The lasting impact of intense, high-rise accommodation and luxury Hotels in Tasmania, like those suggested by the Singapore-based Fragrance Group at the historic precinct of Sullivan’s Cove, will be felt most deeply at street level but only after the fact, when reflective wisdom is no longer of any value.
It is the ground level people who work, live and shop in town that will unfortunately go through the worst of all these intense developments.
The most discernible effect of the increased high-rises is going to be the inclusion of tens of thousands of additional vehicles and traffic into the already clogged streets of a town fighting with persistent gridlock through peak-hour traffic.
Combined, both suggested resorts in Davey and Collins roads provides around 1400 added new rooms for people.
If only half of those occupants used a motor vehicle, this development may mean that up to an extra700 automobiles on Hobart roads every day in the high season.
And where will they park their vehicles?
The Fragrance Group can’t provide anywhere near the required parking to pay for the necessary capacity for its potential guests.
Firstly, there is not the area to do this in the crowded Sullivan’s Cove precinct as well.
And if the Group’s past dealings reveal anything it is that they have little interest in providing sufficient parking to its guests. Who is to say that we won’t see residents sell property and relocate, whether that be somewhere else in Tasmania or potentially the mainland which would be a huge blow for the state.
The firm’s recently completed hotel Ibis Styles at Macquarie Street provides just 43 automobile parking spaces to satisfy the requirements of guests that occupy the resort’s total of 296 rooms.
In addition, that the Fragrance Group apparently plans to target the markets of Asia because of its patrons, means big tourist groups on package vacations.
As a consequence, tourist buses will further increase the town’s traffic congestion as they manoeuvre throughout the roads and laneways of Hobart’s historic waterfront.
And where will they park to allow passengers to board and disembark?
For the retailers and company housing of Hobart’s central business district, there will be an impact that only a handful, if any, will be expecting.
Inevitably, the extra traffic backlog will most likely see neighbourhood suburban shoppers and business clients less willing to commute into the city centre to the massive shopping malls in Glenorchy, Kingston and Rosny at which there is ample parking free of any price tag.
That will have a hugely detrimental influence on the CBD revitalisation, a project that has seen the local council and retailers alike have been fighting to achieve.
The prospect is for organisational failures and increase unemployment because the lifeblood is emptied out of the CBD.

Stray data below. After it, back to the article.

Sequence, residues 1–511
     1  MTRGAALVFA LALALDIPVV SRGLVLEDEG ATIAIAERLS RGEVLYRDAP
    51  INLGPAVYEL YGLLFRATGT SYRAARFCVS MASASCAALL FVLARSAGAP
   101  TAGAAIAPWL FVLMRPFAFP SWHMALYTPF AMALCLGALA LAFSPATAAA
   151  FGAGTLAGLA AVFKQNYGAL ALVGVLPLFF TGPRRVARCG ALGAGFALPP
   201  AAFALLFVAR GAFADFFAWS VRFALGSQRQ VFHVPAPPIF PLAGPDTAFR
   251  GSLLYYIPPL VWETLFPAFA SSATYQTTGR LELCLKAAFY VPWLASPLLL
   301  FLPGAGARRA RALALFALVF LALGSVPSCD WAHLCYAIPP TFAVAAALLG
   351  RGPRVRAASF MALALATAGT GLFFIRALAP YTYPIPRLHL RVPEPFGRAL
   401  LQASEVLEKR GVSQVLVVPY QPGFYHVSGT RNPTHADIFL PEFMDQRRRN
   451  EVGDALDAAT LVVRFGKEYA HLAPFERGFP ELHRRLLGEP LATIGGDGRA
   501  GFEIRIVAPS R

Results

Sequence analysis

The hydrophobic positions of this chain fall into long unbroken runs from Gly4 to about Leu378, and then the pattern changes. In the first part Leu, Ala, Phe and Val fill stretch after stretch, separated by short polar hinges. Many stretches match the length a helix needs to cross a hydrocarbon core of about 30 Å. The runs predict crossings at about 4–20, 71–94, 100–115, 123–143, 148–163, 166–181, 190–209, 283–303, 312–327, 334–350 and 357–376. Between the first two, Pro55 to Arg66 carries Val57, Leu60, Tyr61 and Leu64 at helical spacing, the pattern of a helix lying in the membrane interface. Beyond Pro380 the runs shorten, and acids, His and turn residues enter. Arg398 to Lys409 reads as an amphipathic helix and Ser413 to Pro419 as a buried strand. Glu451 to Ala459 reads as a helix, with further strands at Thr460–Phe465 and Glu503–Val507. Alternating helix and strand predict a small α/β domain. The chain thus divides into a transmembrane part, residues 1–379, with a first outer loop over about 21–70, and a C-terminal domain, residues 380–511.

And since Asian tour parties tend to eat together as well since their packages usually contain eating at the hotel, there will be minimal advantage for beverage and food outlets, such as restaurants, cafes, takeaways and pubs.
While naturally, there will be increased employment opportunities for individuals working in housekeeping and in food and drink, even that also will come in at a price since the majority of these people fulfilling these roles will themselves need parking.
No one intends on begrudging growth, especially in the town’s burgeoning tourism market. But it is not possible to think there might be one individual who visualises skyscraper resorts when they consider Hobart.
They are an abomination to our town’s iconic waterfront and Historic settlement precinct as opposed to the best hotels in Tasmania, and also to Hobart’s overall appeal as a tourist destination.
If we really do want high-rise hotel improvements in any way, which should never come to skyscrapers, there are loads of development areas around town which neither impinge nor inflict on the historic Sullivan’s Cove area
It is in those surrounding regions where these larger scale improvements are themselves best suited.
That way, the financial advantage can be dispersed around, and traffic management and parking will probably be a lot more manageable.
The Fragrance Group proposals offer a crucial evaluation of our admiration for all that was gifted to us in relation to Hobart’s scenic appeal, environment and architectural heritage.
It can also be a test of our dedication to safeguard and improve those very things that make our town so unique and attractive.
Of course, the skyscraper improvements will supply jobs in building in addition to continuing advantages to providers of goods and service organisations increased housing prices and the potential increase of no commission real estate.
But, when balanced against the harm to the public brand of Hobart as a tourist destination and the town’s liveability, the net benefit will most likely be negative.